The classic bespoke suit, the fiber wire, and those twin Silverballers. Automatically, Agent 47 comes to mind. How does this latest Hitman game fare in our books? No, the title is just to poke fun at Agent 47.
The bald dude with a bar code behind his head needs no introduction. Genetically-enhanced and cloned via gene augmentation, Agent 47′s genome was derived from a group of investors and their DNA. The assassin for hire is now ready to embrace the new console as well as PC platforms. The story begins right after Hitman: Blood Money. Ordered to hunt down his former handler, Agent 47 slowly finds out more about the motives of the Agency that created him as the game progresses.
There are 2 modes, which are just fancy names for single player and multiplayer. Absolution plays as a narrative story, while Contracts feels like you’re playing a game of Bluff, Hitman-style.
The story mode banks on the previous games’ premise, and a direct sequel to Hitman: Blood Money. The plot is akin to a less flashy version of Quentin Tarantino’s movies (think Kill Bill, silent assassin style). The whole direction of Hitman is being a Silent Assassin, so the game rewards you for all the achievements being a silent assassin, such as killing only the targets as highlighted by the respective missions.
The many different ways to dispatch your enemies using the environment also adds to the charm, like pushing your enemies off cliffs and into sewer pits. With a whole arsenal of pistols, machine guns and even sniper rifles, you may choose to go all out, guns blazing. We have not tried that option during the Chinatown mission, where literally dozens of NPCs which can be killed by Agent 47 by the way, are throughout the entire mission map.
Some bugs within the game such as tossing a brick towards a guard or enemy will not kill him or render him unconscious, with only the brick bouncing off him, and your enemy walking towards you. However, smacking the enemy across the head in close quarters brings about a more favourable situation. Even as NPCs see you dragging a corpse with your fiber wire, they will not react negatively and/or call the guards; one of the limitations of the game’s AI.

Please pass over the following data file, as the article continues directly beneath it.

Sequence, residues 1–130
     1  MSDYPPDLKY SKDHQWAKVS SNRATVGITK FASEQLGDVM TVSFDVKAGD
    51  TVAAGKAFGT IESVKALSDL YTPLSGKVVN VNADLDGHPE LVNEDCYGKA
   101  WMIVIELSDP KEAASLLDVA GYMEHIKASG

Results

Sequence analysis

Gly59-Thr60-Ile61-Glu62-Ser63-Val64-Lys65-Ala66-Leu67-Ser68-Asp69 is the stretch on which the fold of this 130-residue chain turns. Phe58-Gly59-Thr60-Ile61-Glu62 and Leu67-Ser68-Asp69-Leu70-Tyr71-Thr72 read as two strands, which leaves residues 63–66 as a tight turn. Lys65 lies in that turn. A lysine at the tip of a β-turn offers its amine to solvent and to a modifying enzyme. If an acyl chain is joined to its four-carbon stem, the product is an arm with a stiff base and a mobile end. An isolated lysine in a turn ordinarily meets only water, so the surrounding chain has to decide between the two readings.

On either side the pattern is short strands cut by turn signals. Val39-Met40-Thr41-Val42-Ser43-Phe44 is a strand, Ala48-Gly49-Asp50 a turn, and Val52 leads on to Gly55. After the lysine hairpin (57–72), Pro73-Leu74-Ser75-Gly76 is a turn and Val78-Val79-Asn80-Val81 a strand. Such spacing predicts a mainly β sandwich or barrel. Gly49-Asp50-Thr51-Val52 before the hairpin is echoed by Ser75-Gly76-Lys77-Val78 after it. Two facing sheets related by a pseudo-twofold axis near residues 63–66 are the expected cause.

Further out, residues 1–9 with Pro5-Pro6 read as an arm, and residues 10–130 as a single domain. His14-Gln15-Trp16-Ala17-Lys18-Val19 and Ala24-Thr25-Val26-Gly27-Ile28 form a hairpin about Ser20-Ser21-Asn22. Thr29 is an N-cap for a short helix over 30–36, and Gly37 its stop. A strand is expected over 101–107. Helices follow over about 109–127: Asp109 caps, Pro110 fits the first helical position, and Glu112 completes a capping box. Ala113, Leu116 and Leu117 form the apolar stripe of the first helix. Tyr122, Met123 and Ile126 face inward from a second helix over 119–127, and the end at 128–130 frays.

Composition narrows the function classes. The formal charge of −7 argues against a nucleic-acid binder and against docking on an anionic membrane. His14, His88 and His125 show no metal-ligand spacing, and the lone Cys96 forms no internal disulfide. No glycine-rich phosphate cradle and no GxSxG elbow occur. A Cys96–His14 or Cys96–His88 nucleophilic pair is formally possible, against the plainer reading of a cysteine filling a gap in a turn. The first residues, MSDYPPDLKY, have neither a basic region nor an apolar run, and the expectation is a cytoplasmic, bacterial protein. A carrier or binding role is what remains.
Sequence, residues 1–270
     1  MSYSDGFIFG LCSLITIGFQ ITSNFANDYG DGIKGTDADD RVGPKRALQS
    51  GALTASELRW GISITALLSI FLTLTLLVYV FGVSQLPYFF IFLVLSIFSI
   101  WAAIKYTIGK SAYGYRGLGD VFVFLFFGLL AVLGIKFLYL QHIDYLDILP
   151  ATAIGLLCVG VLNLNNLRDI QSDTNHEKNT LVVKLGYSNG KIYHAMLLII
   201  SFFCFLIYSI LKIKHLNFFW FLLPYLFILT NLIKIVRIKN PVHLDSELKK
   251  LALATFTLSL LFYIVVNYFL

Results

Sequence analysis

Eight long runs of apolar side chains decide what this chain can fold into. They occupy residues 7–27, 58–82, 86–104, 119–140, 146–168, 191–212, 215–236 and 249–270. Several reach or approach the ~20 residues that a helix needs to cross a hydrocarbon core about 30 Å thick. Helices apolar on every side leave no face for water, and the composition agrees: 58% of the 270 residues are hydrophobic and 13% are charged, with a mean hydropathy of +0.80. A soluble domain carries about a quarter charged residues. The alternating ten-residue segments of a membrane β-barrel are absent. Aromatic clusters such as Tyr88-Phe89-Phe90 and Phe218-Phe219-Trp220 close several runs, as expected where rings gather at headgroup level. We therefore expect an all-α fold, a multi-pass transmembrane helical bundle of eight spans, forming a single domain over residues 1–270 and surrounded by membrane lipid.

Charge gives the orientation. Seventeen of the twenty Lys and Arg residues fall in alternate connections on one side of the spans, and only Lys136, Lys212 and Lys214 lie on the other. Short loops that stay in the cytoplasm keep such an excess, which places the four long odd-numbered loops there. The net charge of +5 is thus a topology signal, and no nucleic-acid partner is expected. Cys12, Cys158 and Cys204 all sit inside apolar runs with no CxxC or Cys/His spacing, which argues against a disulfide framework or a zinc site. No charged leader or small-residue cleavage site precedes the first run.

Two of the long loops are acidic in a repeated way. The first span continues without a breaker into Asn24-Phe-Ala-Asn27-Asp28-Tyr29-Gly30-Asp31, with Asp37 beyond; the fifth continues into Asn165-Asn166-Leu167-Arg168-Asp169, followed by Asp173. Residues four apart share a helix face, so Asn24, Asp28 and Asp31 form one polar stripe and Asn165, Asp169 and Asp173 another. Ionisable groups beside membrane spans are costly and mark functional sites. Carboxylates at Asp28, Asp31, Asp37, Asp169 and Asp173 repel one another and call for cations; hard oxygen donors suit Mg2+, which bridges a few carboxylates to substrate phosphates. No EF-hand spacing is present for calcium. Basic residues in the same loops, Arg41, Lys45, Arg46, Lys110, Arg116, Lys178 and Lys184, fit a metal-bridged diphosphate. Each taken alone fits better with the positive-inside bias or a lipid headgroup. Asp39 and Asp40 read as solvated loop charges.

Yet it is fun to see if your score beats the general global score. The amount of ways to kill your targets will ensure that you will keep on playing the game again and again… if you so desire that 100% completion rate, or just want to see the many different ways they die. Did I mention you can pretend to be a Samurai display model, lying in wait for your enemies to walk past before their decapitated heads roll? Or perhaps death by poisoning will invoke a sense of sadism in you? There are enough hints to go around, including blowing things up or dropping things down.
Pick your victims, choose the method of death of your targets, while dressed in a certain outfit. Then, have your friends or other Hitman players guess how you despatch them. It is fun trying out various methods to kill targets not set by the developers itself, but by other players.
One of our missions involved taking out all the chefs in Chinatown, while dressed as a chef yourself. Now, all the chefs there can blow your cover, because somehow, there’s a Chef’s Union somewhere where all the chefs know each other. Long story short, even the Contracts done by other players can be tough at times. Even when most of the Contracts are shoot-and-run types.
Graphics and Sound
Truth to be told, I prefer the in-game cutscene graphics to the FMVs. Why? The characters move more awkwardly during the FMVs, with weirdly angled arms and cloth folds that don’t seem logical. One can tell that the direction of trying to bring out the many different environments together actually does affect the plot; it is as though the producer made the final call on getting all the different environmental concepts together, neglecting some of the story aspects. A Hawaii-themed motel in the middle of the desert, seriously?
Of course, the stellar soundtrack does heighten the feeling of what it feels to be a Hitman – a great silent assassin in the 21st century. It wouldn’t exactly go out of place if a Looney Tunes track were to replace the original soundtrack, given how the campy voice script of the main and side plot characters are. However, what we applaud is that the amount of material from the NPCs themselves, not to mention they are all fully voiced.
Is the girl worth saving?
Or more aptly; is this franchise good enough to revitalize the Hitman franchise? While not a game-changer (no pun intended) in its latest release, it does provide quite a few visual and aural treats, especially for the fans.